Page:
One evening in 1942, deep inside a wood in the southeast of England, a BBC sound engineer was recording the song of the nightingale. Coincidentally, this was also the night of a British bombing raid on Mannheim, and while the sound engineer was at work 197 bombers fl ew overhead on their way to Germany. The recording begins with the song of the nightingale and continues as the drone of the aircraft slowly increases, becoming a deafening roar as they pass directly above, before steadily decreasing and eventually fading away; throughout the recording the nightingale sustains its song.1, 2 It is a poignant and thoughtprovoking piece. The high, trilling notes of the nightingale are natural and unaffected, and to the human ear, pure, aesthetic and sublime. By contrast, the ominous cacophony of the bombers is the sound of human-made war technologies – the manufactured machines of confl ict and purposeful destruction. Signifi cantly, we can clearly identify what the bombers are for; their purpose is combat, damage and discord. But we cannot say what the nightingale is for; we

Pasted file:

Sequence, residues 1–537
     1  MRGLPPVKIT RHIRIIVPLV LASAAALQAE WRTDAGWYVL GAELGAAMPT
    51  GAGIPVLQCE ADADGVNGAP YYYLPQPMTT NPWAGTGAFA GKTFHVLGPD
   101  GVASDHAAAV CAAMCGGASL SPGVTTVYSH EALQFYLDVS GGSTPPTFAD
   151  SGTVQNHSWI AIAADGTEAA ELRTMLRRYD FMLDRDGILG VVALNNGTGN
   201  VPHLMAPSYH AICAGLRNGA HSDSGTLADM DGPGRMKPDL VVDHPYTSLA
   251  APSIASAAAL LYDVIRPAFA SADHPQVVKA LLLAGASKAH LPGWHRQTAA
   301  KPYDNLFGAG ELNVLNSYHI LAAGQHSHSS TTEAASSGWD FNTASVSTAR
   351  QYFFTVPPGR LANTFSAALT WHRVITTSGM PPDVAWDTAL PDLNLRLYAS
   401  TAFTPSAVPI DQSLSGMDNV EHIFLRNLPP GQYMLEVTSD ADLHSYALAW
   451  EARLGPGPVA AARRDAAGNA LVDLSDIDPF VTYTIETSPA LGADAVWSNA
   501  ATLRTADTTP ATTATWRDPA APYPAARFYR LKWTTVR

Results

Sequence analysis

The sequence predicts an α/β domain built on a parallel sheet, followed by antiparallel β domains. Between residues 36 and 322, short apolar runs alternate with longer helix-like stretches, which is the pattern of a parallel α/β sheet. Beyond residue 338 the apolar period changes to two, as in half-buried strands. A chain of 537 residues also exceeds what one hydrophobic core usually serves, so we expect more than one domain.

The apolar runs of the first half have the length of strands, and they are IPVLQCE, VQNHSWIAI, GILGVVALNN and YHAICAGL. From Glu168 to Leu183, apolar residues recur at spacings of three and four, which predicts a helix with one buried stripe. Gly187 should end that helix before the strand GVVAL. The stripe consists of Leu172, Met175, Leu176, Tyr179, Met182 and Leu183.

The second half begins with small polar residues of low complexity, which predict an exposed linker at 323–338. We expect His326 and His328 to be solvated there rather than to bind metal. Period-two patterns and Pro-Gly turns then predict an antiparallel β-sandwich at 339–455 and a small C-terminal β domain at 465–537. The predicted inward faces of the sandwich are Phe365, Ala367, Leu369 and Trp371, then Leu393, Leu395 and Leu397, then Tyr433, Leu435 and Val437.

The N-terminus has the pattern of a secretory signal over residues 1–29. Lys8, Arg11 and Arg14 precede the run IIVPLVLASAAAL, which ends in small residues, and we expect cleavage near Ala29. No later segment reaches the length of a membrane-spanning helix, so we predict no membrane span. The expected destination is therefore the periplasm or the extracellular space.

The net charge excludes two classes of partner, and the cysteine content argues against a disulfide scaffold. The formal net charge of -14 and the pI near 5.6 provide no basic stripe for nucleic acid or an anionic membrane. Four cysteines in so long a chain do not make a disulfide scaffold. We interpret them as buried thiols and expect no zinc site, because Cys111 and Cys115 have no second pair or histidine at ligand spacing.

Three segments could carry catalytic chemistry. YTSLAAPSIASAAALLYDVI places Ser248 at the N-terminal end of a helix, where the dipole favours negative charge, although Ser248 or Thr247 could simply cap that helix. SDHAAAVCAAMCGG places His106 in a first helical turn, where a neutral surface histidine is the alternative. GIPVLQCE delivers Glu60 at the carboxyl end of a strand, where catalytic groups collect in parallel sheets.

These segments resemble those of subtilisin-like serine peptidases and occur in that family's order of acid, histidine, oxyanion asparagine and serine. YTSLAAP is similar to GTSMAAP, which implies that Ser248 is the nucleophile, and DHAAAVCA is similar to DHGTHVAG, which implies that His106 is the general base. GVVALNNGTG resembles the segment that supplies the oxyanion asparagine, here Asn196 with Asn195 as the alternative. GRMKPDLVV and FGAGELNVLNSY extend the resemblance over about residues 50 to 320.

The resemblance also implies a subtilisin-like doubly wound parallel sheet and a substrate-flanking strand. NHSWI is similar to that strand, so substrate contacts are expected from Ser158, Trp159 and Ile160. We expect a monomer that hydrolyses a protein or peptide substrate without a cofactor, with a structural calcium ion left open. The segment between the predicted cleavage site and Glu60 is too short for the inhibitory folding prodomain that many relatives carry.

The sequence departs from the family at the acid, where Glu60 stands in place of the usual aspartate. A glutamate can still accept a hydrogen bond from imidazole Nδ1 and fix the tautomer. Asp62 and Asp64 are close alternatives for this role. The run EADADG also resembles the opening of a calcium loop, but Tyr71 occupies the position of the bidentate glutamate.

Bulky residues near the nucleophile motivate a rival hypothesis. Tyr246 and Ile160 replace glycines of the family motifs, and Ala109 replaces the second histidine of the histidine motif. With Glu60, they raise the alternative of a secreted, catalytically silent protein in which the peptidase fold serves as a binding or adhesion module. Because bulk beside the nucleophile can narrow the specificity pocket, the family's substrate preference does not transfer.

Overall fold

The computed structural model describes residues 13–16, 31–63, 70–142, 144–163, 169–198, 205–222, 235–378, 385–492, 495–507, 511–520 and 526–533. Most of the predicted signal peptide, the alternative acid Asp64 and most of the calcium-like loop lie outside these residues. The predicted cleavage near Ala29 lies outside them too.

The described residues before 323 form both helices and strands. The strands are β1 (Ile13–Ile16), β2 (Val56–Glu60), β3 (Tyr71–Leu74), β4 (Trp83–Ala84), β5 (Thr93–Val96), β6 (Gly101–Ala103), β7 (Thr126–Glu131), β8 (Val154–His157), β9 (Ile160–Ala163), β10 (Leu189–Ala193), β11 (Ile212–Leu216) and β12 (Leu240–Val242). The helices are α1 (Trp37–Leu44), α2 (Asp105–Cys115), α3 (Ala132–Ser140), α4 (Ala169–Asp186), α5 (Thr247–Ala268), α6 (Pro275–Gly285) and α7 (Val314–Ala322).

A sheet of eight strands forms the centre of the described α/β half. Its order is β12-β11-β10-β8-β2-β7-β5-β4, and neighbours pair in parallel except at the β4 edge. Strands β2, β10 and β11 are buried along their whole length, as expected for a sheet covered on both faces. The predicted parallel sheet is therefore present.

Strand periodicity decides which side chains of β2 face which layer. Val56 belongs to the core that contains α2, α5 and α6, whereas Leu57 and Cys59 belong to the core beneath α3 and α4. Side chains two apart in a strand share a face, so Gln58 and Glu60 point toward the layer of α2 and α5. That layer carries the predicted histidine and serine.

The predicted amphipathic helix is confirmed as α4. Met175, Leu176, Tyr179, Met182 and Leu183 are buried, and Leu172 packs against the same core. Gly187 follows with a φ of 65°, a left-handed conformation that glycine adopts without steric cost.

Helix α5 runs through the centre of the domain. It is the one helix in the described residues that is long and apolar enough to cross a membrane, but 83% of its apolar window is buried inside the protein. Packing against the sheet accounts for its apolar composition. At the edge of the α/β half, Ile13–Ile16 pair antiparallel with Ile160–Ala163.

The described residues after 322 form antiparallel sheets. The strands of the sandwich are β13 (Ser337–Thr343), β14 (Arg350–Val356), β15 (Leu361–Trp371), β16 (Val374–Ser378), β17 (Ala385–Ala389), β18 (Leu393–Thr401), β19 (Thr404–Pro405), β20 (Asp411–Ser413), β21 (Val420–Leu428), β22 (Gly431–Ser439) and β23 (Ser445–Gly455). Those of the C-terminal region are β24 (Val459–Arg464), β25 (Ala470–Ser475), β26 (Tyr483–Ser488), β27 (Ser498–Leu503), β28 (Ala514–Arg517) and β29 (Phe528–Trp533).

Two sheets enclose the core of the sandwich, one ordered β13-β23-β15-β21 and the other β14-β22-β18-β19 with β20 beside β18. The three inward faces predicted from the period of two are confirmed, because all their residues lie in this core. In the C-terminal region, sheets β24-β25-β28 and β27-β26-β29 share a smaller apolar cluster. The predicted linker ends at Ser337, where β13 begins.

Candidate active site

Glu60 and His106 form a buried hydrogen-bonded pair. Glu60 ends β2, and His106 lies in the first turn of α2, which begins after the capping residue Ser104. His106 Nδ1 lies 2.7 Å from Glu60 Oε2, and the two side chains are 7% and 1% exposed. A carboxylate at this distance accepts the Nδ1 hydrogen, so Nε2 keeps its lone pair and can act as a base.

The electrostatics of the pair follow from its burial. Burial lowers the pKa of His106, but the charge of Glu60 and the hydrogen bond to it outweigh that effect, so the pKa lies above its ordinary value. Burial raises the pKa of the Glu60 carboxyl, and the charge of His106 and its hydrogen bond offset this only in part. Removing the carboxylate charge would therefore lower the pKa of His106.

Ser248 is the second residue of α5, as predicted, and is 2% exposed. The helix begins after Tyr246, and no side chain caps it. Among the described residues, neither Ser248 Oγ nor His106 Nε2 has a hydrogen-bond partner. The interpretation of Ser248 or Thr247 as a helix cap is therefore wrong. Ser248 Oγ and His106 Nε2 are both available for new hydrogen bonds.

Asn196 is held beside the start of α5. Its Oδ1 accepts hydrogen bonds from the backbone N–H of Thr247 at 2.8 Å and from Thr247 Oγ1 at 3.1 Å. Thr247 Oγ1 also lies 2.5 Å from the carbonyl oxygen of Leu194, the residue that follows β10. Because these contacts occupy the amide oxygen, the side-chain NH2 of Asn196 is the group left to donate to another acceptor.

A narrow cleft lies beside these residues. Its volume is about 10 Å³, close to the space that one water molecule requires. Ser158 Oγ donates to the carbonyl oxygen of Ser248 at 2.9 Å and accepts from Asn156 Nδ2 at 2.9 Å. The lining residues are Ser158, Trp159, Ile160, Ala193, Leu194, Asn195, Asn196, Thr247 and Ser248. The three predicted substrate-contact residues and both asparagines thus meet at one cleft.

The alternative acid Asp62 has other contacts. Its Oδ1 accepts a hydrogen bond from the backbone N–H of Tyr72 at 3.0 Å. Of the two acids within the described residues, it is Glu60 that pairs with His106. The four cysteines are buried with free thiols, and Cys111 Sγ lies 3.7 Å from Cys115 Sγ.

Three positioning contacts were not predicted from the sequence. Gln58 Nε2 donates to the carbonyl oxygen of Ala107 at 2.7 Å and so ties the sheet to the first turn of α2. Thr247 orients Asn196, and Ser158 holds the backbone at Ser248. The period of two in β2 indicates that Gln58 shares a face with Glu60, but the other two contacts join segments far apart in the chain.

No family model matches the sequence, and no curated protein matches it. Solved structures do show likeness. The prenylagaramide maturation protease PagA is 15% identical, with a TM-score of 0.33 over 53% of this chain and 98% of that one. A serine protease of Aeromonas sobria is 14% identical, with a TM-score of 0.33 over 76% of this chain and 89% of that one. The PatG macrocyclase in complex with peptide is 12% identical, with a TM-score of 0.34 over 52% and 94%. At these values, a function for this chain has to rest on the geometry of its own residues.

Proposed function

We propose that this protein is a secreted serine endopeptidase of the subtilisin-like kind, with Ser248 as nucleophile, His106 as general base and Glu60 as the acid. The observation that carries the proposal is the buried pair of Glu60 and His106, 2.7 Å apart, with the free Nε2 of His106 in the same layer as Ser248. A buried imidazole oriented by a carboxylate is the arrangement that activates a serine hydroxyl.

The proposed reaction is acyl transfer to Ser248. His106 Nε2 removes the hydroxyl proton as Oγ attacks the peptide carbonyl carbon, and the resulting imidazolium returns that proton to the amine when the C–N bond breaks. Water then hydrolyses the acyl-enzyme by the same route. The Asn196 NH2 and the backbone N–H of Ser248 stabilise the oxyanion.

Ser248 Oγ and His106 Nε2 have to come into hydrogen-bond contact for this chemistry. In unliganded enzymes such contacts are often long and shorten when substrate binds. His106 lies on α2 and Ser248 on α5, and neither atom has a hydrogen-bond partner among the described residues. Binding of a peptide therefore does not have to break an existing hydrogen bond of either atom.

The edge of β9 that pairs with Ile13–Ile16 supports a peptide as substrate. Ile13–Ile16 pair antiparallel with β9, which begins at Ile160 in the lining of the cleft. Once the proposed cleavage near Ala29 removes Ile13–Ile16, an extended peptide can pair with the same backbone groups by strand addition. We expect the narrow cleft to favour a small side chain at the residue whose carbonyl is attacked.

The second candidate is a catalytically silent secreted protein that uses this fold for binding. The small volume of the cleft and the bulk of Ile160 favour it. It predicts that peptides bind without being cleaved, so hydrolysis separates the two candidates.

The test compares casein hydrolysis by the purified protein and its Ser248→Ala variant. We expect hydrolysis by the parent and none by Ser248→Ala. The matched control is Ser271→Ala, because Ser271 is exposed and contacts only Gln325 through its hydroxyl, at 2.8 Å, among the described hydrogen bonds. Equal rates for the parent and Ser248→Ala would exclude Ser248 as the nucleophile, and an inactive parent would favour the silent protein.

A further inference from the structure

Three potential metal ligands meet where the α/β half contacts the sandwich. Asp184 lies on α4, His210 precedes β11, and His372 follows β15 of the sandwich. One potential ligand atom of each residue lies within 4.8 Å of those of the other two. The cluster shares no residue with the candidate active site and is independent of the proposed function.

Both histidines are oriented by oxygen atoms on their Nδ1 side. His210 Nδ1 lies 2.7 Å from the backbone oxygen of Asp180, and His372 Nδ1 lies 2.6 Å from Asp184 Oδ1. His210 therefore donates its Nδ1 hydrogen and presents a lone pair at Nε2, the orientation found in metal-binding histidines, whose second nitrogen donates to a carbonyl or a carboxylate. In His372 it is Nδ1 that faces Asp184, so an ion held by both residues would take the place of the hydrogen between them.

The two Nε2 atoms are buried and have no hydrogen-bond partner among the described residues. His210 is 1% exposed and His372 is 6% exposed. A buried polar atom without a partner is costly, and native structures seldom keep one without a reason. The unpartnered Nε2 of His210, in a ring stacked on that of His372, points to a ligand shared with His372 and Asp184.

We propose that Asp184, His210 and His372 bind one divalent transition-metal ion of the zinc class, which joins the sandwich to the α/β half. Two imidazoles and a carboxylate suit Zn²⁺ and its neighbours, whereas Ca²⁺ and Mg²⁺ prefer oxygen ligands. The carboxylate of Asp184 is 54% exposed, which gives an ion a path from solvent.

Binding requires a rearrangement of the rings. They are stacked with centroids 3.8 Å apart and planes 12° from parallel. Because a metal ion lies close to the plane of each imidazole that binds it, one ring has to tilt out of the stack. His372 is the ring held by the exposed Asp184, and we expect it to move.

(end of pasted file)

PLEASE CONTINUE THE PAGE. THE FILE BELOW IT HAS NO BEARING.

cannot think of nightingales in instrumental terms. The nightingale is not a means to some other end, it is an end in itself; it simply is.